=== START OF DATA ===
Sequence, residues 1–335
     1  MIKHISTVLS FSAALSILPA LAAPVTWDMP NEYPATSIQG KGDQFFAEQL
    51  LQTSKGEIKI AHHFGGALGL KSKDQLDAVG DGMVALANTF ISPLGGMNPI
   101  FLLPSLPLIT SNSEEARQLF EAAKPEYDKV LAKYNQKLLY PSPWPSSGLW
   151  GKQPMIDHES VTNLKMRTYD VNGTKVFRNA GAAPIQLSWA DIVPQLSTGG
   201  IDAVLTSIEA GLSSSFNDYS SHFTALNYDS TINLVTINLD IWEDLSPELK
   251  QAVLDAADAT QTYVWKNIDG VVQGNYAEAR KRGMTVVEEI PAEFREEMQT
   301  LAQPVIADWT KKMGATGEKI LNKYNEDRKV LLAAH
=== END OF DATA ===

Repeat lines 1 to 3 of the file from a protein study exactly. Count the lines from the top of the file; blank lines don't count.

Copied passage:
Sequence, residues 1–335
     1  MIKHISTVLS FSAALSILPA LAAPVTWDMP NEYPATSIQG KGDQFFAEQL
    51  LQTSKGEIKI AHHFGGALGL KSKDQLDAVG DGMVALANTF ISPLGGMNPI